During the 2006-2007 Term, the United States Supreme Court addressed the issue of whether federal taxpayers have standing to challenge the constitutionality of executive expenditures that allegedly violate the First Amendment to the United States Constitution. In Hein v. Freedom from Religion Foundation, Inc., the plaintiffs, asserting standing based on their status as federal taxpayers, objected to the use of congressional appropriations to fund a faith-based program created by President George W. Bush as a violation of the Establishment Clause. Although no single analysis commanded five votes, a majority of the Court agreed to dismiss the case for lack of standing. In so holding, the Court interpreted the test for taxpayer standing in a way that treats congressional funds that are distributed pursuant to congressional authority differently than congressional funds that are distributed pursuant to executive authority. This inconsistent treatment of congressional and executive action for standing purposes has both practical implications for practitioners preparing their course of action in First Amendment cases and conceptual implications for those interested in the government's relationship with religion.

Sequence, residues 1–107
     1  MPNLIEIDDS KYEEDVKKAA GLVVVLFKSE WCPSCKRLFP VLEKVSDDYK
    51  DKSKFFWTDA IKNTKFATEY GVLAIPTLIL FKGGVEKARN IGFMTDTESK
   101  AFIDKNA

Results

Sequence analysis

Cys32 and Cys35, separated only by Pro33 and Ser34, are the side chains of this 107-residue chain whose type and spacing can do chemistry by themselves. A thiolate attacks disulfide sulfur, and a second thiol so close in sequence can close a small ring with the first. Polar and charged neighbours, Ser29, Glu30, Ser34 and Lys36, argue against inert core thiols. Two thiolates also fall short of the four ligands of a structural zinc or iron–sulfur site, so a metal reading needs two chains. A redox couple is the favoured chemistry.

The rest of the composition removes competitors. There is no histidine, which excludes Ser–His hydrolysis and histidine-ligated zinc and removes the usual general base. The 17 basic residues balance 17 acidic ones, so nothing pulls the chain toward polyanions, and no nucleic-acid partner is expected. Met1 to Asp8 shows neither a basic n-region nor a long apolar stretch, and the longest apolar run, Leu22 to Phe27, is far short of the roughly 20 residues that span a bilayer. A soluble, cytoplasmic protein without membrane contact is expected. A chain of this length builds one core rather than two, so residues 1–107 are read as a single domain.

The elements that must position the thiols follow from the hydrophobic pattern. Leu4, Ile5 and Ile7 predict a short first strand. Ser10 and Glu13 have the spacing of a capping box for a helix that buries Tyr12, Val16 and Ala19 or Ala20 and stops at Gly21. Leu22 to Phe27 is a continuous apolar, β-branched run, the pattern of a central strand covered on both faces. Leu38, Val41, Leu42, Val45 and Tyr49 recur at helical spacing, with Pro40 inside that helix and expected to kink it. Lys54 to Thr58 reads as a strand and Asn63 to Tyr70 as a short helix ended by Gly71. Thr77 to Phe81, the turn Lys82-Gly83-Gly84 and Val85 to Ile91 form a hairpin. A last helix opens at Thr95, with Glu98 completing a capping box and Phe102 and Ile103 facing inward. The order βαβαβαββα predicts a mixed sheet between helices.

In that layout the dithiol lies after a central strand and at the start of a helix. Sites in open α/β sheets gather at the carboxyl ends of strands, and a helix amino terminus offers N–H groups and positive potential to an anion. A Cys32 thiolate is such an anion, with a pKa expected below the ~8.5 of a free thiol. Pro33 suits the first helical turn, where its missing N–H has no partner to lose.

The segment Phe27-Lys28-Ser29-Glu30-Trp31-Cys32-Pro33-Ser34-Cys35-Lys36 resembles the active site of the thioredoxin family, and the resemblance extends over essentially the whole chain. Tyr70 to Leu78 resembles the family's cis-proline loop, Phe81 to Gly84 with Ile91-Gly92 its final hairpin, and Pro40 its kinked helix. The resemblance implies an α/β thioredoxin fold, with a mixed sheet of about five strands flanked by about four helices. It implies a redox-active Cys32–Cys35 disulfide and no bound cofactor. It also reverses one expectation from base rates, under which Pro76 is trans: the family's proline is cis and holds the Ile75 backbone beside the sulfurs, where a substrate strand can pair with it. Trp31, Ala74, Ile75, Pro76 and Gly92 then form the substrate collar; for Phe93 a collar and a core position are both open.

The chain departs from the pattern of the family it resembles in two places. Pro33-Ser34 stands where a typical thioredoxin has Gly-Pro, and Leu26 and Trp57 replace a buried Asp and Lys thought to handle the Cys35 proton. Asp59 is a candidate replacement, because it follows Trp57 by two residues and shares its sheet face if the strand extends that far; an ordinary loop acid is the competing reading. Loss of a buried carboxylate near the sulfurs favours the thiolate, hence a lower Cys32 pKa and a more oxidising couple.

Quinlan, Patricia Mary
"Standing Room Only: Federal Taxpayers Denied Standing to Challenge President's Faith-Based Programs in Hein v. Freedom from Religion Foundation, Inc.,"
Mercer Law Review: Vol. 59
, Article 18.
Available at: https://digitalcommons.law.mercer.edu/jour_mlr/vol59/iss4/18